Selling legal services isn’t about technique and traditional selling skills are not applicable. So says Cordell Parvin in the SlideShare presentation embedded nearby titled: How Business Clients Select Lawyers and Law Firms. The presentation is this week’s Friday Share.
Mr. Parvin is a veteran attorney, turned rainmaking coach. He regularly publishes content related to marketing and client development such as:
- What Skills do Rainmakers Have?
- Rainmaking: What Does It Take?
- Rainmaking: 10 Important Attributes
- 16 Reasons Why Some Really Smart Lawyers Do Not Make Rain
Understanding the Client Selection Process
Within his presentation, Mr. Parvin indicates clients – whether they know it or not – generally follow a 7-step pyramid process that begins with visibility and finishes with trust and rapport before acquiring legal services. Understanding this dynamic evolution is enough to give a rainmaker an edge.
The cutoff point to even enter that process begins with a screening that is based on a) reputation and b) recommendations. He analyzes this sales hurdle into three high-level stages, though he provides greater detail behind each stage in his presentation.
1. People before brands. Businesses hire lawyers rather than law firms, suggesting the importance of human, rather than brand interaction.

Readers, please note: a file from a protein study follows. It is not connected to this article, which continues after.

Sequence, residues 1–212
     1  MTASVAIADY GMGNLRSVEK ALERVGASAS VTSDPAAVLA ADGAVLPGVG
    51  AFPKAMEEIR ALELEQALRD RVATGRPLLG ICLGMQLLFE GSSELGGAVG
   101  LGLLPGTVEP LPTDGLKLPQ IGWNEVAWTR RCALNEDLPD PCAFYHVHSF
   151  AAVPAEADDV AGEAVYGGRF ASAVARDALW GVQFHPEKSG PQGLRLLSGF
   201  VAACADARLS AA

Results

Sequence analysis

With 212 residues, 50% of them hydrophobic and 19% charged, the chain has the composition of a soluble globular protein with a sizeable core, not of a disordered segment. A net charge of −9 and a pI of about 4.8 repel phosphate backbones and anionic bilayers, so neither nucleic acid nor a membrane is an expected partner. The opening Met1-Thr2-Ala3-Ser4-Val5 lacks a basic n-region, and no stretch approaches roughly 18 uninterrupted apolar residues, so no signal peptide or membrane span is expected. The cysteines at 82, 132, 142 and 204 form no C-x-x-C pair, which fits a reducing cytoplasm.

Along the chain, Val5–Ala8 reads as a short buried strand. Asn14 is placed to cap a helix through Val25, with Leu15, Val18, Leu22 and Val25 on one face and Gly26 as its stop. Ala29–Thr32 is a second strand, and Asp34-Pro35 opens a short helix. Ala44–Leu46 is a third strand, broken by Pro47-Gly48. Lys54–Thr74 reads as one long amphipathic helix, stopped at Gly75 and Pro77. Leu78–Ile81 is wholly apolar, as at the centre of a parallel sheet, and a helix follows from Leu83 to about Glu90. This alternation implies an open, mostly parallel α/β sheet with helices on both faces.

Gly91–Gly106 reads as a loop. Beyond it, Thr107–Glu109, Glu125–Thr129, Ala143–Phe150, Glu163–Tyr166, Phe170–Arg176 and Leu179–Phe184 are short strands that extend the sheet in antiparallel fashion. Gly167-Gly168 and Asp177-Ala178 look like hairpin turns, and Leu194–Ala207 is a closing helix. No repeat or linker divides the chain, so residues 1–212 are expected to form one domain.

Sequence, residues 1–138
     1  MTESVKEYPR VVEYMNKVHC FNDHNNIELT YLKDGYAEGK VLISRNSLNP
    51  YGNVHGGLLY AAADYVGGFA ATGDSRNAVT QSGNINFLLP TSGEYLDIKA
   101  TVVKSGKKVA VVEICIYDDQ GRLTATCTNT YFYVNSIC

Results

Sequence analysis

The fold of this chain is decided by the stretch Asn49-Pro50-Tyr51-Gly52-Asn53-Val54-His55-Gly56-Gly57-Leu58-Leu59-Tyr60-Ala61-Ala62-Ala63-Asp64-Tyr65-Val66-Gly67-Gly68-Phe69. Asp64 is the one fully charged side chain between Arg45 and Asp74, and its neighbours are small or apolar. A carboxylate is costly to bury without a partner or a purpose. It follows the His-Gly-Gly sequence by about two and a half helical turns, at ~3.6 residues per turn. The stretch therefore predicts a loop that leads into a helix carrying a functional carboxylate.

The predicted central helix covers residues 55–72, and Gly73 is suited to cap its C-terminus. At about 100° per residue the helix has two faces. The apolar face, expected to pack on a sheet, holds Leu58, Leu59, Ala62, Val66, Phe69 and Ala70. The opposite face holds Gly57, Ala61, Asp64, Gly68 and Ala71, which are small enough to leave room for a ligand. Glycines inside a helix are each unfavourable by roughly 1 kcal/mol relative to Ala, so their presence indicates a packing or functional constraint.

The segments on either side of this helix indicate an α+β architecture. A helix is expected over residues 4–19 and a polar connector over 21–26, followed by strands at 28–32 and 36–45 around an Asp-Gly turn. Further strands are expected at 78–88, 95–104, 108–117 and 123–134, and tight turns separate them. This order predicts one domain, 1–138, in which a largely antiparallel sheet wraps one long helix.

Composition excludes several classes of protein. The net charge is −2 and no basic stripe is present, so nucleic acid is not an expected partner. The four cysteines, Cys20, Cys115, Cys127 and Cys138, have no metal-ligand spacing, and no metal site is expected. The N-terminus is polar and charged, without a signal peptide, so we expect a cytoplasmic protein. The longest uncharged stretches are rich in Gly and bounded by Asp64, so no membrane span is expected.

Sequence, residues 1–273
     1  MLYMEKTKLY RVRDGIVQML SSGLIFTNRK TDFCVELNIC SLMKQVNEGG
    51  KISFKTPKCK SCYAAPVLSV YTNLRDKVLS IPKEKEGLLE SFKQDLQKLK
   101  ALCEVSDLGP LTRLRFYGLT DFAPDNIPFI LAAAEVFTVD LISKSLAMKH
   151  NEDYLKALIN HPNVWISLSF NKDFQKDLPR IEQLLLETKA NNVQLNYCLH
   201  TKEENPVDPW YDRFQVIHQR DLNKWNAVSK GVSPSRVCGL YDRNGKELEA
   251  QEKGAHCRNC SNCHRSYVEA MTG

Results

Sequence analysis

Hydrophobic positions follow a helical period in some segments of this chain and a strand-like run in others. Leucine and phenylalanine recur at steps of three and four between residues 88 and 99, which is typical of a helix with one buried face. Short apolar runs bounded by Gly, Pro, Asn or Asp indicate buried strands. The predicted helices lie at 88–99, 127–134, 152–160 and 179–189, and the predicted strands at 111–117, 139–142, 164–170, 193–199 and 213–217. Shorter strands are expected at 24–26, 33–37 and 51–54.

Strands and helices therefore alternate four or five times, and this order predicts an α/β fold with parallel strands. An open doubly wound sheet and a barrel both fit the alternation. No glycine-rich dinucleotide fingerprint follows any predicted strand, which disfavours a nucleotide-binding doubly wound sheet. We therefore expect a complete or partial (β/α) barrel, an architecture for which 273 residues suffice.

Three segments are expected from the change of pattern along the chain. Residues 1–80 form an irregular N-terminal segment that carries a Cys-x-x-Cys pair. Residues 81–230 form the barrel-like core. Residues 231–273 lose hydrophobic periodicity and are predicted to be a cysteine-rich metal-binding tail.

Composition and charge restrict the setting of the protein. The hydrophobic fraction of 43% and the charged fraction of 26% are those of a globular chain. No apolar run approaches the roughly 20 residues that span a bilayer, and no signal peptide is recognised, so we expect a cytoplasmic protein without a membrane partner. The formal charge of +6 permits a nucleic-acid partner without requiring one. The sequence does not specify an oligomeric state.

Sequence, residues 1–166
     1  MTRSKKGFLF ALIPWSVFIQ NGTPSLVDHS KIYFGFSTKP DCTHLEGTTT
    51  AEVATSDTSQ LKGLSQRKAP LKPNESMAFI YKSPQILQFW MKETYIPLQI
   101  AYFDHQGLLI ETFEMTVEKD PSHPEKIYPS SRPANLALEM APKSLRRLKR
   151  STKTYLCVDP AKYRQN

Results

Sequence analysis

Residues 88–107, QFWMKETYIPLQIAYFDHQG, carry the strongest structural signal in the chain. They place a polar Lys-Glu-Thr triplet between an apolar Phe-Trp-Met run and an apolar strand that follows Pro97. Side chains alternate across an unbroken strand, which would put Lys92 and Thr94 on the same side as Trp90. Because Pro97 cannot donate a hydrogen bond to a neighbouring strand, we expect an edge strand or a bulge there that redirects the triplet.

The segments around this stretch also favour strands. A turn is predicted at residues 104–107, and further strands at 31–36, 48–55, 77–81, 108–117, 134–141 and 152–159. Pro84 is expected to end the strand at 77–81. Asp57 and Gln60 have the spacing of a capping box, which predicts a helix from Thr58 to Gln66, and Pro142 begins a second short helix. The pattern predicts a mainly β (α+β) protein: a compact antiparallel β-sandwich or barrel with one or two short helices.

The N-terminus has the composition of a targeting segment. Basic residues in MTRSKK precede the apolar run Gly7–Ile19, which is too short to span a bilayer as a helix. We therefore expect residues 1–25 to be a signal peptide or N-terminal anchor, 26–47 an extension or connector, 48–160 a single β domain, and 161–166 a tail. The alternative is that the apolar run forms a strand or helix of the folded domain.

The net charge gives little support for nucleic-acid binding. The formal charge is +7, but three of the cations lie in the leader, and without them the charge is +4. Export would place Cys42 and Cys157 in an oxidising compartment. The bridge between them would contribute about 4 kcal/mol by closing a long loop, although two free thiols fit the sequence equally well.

2. Trusted contacts. Business hire lawyers based on trust and established rapport.
3. Listening critical to trust-building. Trust and rapport is established by engaging, listening, framing and helping the client envision an outcome to which they can commit.
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Mr. Parvin’s complete deck is just 25 slides long and well worth a few minutes to ponder. It includes references to several business development and marketing books that would add-value to any rainmaker’s self-development shelf.
What do you think? Do you agree with the message of this presentation? Where does process fit into the relationship-centric sales cycle for legal services?
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